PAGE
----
Storm Sandy knocks industrial output in October

WASHINGTON, Fri Nov 16, 2012 – Industrial output unexpectedly fell in October as superstorm Sandy disrupted production, but the underlying tone remained consistent with slowing manufacturing activity.

Industrial production contracted 0.4 percent last month after a 0.2 percent increase in September, the Federal Reserve said on Friday.

The Fed said the storm, which tore through the East Coast at the end of October, is estimated to have reduced the rate of change in output by nearly 1 percentage point. It cut the output of utilities, chemicals, food, transportation equipment, and computers and electronic products, the Fed said.

Economists had expected a 0.2 percent gain in industrial output last month. The storm is estimated have caused $50 billion in damage.

Aside from the storm’s impact, the trend in industrial production is biased towards weakness as fears over higher taxes and sharp cuts in government spending deter businesses from ramping up production and capital investment.

Cooling global demand is also crimping output.

The so-called fiscal cliff could drain about $600 billion from the economy early next year unless Congress agrees on an orderly plan to cut rising budget deficits.

“The big thing that stands out are the declines in business equipment, machineries and construction supplies. When you see that kind of weakness, you can’t really attribute it to the storm,” said Christopher Low, chief economist at FTN Financial in New York.

“It’s a pattern of weakness that has happened in the past three months. The most likely explanation is the weakness in capital equipment orders, which could be attributed to caution about the fiscal cliff and its possible impact on the economy.”

Moody’s sees Sandy hit to casinos, benefit to retailers

NEW YORK, Tue Nov 6, 2012 – Superstorm Sandy will slash earnings at New Jersey casinos and benefit home repair and discount retailers but have limited impact on other sectors and is unlikely to trigger credit downgrades, credit agency Moody’s Investors Service said.

While potential credit downgrades exist, no rating actions were taken after Hurricane Irene flooded parts of the U.S. Northeast last year and no ratings have been put on review for downgrade or negative ratings after Sandy, Moody’s told investors on Tuesday.

Such actions were taken after Katrina in 2005, one of the deadliest and most destructive hurricanes to ever slam the United States. To the best of Moody’s knowledge, large natural disasters do not result in payment defaults, with the exception of one non-rated transportation issue after Katrina.

“Even for the hardest hit areas (by Sandy), we don’t expect to observe any payment default by our issues barring any significant change in federal policy regarding FEMA and emergency aid,” said Gail Sussman, a managing director at Moody’s.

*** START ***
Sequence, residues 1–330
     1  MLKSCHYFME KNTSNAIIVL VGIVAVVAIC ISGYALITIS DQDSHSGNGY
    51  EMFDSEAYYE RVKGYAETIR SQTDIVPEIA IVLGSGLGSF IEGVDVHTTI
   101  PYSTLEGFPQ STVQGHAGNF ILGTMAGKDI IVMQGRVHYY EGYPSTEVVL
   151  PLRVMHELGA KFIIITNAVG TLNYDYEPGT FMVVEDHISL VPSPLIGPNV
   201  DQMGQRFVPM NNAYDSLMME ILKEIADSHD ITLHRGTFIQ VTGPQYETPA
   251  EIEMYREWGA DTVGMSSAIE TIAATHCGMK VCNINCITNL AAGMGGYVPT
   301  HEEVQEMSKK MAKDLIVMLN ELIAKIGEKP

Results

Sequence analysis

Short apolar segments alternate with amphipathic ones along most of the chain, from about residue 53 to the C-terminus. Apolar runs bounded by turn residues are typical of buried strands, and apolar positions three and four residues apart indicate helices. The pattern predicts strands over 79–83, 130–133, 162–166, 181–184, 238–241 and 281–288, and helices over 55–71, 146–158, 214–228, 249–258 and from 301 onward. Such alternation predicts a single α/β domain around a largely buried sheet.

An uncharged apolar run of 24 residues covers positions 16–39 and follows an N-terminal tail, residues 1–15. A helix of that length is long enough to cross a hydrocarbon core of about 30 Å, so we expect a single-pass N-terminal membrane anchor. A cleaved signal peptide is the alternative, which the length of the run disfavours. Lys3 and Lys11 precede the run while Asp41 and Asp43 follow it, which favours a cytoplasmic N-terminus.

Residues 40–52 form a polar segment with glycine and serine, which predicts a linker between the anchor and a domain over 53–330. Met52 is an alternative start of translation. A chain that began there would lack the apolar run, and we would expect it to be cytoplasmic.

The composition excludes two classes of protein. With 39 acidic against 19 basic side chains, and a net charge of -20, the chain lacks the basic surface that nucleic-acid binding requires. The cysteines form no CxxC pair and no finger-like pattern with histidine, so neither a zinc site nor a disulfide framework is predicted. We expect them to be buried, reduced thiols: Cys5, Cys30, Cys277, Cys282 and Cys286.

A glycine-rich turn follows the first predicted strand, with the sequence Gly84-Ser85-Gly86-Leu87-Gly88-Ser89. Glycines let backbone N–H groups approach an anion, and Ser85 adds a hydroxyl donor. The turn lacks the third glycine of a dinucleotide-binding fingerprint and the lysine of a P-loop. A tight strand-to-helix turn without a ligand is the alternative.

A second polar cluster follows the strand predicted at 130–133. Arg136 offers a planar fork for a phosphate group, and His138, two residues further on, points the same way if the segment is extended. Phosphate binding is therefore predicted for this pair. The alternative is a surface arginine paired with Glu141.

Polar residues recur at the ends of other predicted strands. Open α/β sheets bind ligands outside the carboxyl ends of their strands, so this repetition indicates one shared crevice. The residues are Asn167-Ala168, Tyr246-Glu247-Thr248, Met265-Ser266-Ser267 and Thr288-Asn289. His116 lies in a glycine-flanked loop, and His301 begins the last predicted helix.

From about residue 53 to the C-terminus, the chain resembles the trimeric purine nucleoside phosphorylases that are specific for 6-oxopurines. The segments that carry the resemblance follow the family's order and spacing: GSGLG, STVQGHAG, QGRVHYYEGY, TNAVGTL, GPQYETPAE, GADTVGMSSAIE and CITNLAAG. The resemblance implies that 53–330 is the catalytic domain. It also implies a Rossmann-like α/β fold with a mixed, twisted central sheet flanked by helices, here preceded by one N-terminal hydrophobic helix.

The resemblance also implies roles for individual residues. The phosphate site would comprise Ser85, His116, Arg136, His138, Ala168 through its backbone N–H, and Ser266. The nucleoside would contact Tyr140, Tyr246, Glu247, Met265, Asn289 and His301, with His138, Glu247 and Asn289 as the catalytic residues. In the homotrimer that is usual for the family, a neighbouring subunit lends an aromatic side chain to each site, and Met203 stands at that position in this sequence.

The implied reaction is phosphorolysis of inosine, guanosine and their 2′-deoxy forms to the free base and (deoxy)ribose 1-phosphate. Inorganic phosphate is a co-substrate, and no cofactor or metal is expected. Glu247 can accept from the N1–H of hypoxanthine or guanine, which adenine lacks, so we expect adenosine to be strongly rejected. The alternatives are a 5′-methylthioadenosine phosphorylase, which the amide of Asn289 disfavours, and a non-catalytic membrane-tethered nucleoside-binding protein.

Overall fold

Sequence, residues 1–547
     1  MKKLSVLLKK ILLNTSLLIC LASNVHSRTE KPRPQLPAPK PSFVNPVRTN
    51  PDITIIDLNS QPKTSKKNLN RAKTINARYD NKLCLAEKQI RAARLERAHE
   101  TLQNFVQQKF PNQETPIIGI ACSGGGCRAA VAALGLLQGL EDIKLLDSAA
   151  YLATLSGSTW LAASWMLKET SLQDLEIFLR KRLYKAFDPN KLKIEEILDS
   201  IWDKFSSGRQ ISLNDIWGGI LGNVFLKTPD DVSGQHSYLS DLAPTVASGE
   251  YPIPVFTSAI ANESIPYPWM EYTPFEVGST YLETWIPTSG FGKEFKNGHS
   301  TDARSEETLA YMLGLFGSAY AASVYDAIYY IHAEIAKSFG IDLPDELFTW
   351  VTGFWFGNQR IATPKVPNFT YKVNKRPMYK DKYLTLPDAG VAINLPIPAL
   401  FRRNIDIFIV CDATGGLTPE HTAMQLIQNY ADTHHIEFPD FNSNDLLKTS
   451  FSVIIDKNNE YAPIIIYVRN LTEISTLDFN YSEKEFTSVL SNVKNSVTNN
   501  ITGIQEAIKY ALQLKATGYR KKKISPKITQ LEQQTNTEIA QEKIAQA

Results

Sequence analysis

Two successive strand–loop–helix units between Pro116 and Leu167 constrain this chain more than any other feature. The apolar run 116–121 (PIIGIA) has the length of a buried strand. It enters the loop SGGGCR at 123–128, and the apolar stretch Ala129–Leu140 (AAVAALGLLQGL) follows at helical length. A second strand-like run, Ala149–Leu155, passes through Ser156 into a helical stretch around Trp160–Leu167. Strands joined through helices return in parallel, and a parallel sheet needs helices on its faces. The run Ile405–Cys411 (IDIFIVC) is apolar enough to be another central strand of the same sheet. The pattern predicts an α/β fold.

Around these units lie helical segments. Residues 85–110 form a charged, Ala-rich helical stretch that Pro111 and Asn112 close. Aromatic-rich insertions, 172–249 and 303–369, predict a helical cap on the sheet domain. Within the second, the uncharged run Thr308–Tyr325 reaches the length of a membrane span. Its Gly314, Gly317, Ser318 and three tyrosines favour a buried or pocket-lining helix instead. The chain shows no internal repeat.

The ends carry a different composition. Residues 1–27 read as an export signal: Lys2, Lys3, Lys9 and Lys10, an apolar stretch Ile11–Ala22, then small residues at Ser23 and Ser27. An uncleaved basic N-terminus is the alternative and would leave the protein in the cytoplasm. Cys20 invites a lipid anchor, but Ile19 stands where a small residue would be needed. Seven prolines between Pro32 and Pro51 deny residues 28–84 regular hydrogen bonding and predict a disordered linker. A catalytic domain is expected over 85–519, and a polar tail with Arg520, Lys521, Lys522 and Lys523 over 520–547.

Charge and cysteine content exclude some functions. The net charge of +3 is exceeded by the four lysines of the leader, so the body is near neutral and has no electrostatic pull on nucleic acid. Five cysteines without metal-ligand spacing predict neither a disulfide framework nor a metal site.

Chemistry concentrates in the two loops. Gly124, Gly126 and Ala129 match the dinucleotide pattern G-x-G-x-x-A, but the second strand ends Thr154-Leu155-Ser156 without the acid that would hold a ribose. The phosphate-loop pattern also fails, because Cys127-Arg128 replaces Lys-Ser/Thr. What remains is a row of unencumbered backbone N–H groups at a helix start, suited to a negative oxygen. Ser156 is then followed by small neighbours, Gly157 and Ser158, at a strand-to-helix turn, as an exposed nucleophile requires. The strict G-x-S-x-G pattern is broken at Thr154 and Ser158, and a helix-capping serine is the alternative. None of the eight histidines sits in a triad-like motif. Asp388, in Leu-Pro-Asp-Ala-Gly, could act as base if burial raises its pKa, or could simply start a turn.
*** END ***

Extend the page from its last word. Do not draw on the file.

FEMA is the Federal Emergency Management Agency. Sandy has killed at least 113 people in the United States and Canada and knocked out power to millions of people. It has swamped seaside towns and inundated New York City’s streets and subway tunnels.

Verizon sees ‘significant’ impact from Sandy on fourth-quarter results

NEW YORK, Fri Nov 2, 2012 – Verizon Communications Inc. said it expected fourth-quarter results to be hurt significantly due to superstorm Sandy and that it could not estimate the impact at this time.

The provider of telephone, Internet and television services said it was directing its resources to restore communications services to affected customers, “which may take some time.”

Verizon may take up to two weeks to restore telecommunication services for some of its customers, a top executive told Reuters on Thursday.

U.S. airlines cancel flights, hotels book up before hurricane

NEW YORK, Mon Oct 29, 2012 –  Hurricane Sandy will likely cause financial headaches for U.S. airlines that canceled more than 7,000 flights to and from the Northeast corridor on Sunday.

Hotels in the region were busy handling cancellations for guests who could not get to destinations in the Northeast, extending stays for guests who could not leave town, and booking rooms for people who left their homes.

Airlines started cancelling flights in the U.S. Northeast region Sunday evening as cities from Washington D.C. to Boston braced for floods and high winds from the hurricane, which was expected to make landfall in the next few days.

According to, more than 7,100 flights had been canceled by 9 p.m. on Sunday due to Sandy. Airlines waived fees for people who have to change travel plans because of the grounded flights.

In New York City, the timing of flight cancellations like US Airways, was determined by the city’s decision to start shutting down its mass transit systems at 7 p.m. as passengers would have no way to get to and from the airport.

U.S. Airways said it would likely have to cancel close to 2,000 flights because of the storm, starting at 7 p.m. Sunday. The airline said it expects to resume flights on Tuesday, but noted that flooding and the storm’s duration could cause additional delays.

The airline also said it would move planes from the hurricane zone to try to avoid damage. Repositioning those planes after the weather clears could cause additional delays.

Transportation consultant George Hamlin estimated that Sandy could cost the industry hundreds of millions of dollars.